- Tasting Notes & Technical Details
The Mandrarossa wines come from a selection of the best sites from Cantine Settesoli’s 6,000 hectares of vineyard, situated in southwestern Sicily and planted with 32 different grape varieties. The vineyards are split between the 2,000 members of the co-op, and cover the area around Selinunte, the hauntingly beautiful ruins of a Greek town founded 2,600 years ago. Cantine Settesoli helps to support the restoration of this archaeological site.
First produced in 1999, Mandrarossa has opened its own winery in 2021, a completely sustainable winery fed by solar panels and well integrated with the surrounding hills. The winery has increasingly focused on single-site wines, as it was conceived after the diverse soils of the vineyards were mapped, enabling the winemakers to focus on what were then ranked their best sites. Under the leadership of co-operative president Giuseppe Bursi, consultant winemaker Alberto Antonini has sought to improve viticulture, which has resulted in better wines.
Working with soil specialist Pedro Parra and head winemaker Mimmo De Gregorio, Alberto has selected 500 hectares of vineyard, from 160 growers, for the production of the Mandrarossa wines. These vineyards are situated close to the sea, where intense sunlight, moderating sea breezes, mild temperatures, multiple elevations and a myriad of different soil types combine to give the quality of grapes that Mimmo and Alberto are looking for. Pedro has singled out limestone as the soil with the highest potential for quality wines.
Given the wealth of sites and varieties they at their disposal, it isn’t surprising that they have several different styles of wines. The native varieties focus on Sicilian grapes such as Nero d’Avola, Grillo, Grecanico and dry Zibibbo – which is now certified organic from 2021 vintage along with Fiano. The international varieties include Syrah, Chardonnay and Fiano, “the foreigner” from across the straits of Messina. The ‘Innovation’ wines are named after different ‘contrade’, small districts within a commune whose wines have shown an individuality that warrants a unique or distinctive blend.
At the top of the hierarchy are the wines made from single sites, 75 hectares from 37 growers that have been selected by Pedro’s vineyard mapping. Their ‘Cartagho’, from a sandy vineyard in the Torrenova ‘contrada’ that is regarded as the best source of Nero d’Avola, is the iconic Mandrarossa wine, having won ‘Tre Bicchieri’ six times in recent years.
In 2019 two ‘contrada’ wines were released: the ‘Bertolino Soprano’ Grillo and the ‘Terre di Sommacco’ Nero d’Avola. Two new interpretations of these classic varietals that highlight and demonstrate the results of site selection in this area. To allow the grapes from these sites to express their maximum potential, Cantine Settesoli has focussed on minimal intervention in the vineyard. 870 hectares of their vineyards are farmed organically, and their sustainable and environmentally aware approach is unrivalled in Sicily. They have one of the largest solar energy installations in the Italian winemaking sector, ensuring that the Sicilian sun not only ripens the grapes, but also powers the winery equipment, thereby reducing their carbon dioxide emissions.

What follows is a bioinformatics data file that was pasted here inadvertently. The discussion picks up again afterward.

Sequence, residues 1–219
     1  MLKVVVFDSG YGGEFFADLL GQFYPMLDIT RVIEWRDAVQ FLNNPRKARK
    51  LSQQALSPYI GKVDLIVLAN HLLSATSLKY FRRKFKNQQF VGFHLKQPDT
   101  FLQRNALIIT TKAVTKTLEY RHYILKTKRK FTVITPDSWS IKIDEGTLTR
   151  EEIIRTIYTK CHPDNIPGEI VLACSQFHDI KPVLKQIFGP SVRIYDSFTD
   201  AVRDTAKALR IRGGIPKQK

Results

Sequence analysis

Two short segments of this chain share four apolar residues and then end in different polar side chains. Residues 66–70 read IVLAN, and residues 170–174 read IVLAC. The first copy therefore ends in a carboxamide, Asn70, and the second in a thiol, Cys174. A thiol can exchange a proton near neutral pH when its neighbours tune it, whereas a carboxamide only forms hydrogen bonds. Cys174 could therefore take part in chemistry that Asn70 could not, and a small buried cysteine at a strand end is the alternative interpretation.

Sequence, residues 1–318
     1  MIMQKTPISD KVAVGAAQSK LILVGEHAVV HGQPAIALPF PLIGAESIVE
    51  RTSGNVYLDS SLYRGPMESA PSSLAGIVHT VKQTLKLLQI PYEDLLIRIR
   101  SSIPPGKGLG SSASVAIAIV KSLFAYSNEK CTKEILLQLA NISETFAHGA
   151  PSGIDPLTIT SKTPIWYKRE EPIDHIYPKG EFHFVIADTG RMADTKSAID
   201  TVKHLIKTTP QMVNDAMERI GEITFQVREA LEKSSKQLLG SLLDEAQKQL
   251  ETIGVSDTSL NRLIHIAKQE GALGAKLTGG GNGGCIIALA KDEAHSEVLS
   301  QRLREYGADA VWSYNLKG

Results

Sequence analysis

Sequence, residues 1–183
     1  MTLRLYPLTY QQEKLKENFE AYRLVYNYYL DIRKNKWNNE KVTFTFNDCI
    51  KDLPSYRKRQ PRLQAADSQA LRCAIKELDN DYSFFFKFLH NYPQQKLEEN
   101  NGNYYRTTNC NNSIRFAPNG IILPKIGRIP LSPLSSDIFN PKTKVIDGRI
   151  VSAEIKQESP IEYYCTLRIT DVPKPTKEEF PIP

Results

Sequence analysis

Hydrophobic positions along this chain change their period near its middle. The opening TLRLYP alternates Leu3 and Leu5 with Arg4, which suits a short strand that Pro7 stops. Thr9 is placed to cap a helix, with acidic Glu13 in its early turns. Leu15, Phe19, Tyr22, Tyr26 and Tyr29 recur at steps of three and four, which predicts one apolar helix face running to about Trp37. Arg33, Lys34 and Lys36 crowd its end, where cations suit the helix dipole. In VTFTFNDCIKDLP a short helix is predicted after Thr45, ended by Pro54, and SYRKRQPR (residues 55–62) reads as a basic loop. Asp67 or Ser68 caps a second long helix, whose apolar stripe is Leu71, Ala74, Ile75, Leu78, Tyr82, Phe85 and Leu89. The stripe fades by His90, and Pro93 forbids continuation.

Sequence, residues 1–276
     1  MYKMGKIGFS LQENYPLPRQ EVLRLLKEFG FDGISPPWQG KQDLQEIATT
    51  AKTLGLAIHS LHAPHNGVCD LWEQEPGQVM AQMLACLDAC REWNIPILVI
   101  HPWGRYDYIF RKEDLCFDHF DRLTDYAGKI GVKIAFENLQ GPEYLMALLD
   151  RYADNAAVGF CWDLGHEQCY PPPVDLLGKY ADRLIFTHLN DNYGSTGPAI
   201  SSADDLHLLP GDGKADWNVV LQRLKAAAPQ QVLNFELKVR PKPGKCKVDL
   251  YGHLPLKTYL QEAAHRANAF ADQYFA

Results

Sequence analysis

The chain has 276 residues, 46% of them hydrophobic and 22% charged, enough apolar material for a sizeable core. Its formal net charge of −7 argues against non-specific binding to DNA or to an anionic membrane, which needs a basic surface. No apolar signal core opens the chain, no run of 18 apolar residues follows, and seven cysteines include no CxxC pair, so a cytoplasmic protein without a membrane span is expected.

The new sweet Serapias comes from Mandrarossa’s new project on the island of Pantelleria. Made of partly dried Zibibbo (Muscat of Alexandria) grapes that are added to the fermenting must, the resulting wine shows delicate aromatic notes.
Cantine Settesoli is an impressive operation, one of Italy’s outstanding co-operatives, and the Mandrarossa wines are their most impressive contribution to Sicilian wine.
The vineyards for this wine are located in the area around Menfi on the south-western coast of Sicily. Vines grow on south facing hills at 80-200 metres above sea level on limestone soil. Vines are Guyot trained and planted at a density of 4,300-4,700 plants per hectare.
In 2021, the winter months were characterised by heavy rainfall, sometimes exceeding 200 millimetres, particularly during February and March. The spring was relatively dry, specifically during April there was hardly any rainfall, an average of 3 millimetres. During the delicate phases of fruit set, the rains were absent and the temperatures dropped slightly reducing the percentage of fruit set in some varieties. Yields were lower than usual, but the grapes harvested retained their beautiful aromatic quality and fresh acidic characteristics.
The grapes were hand harvested in the middle of September. After being crushed and destemmed, the must was immediately cooled to 5-8°C and kept at these temperatures for four to six hours. The must was then softly pressed and the juice obtained was clarified at a low temperature for 36 hours. The clear must was fermented in stainless-steel tanks for 15-20 days at 16-18°C. The wine was aged for four months in steel vats and another three months in the bottle before release.
This wine is straw yellow in colour. The nose is decidedly intense and aromatic, notes of sage, jasmine, lavender with fresh hints of apple and cedar. On the palate the wine is intense and medium-bodied, has a beautiful acidity and flavour and an excellent aromatic finish.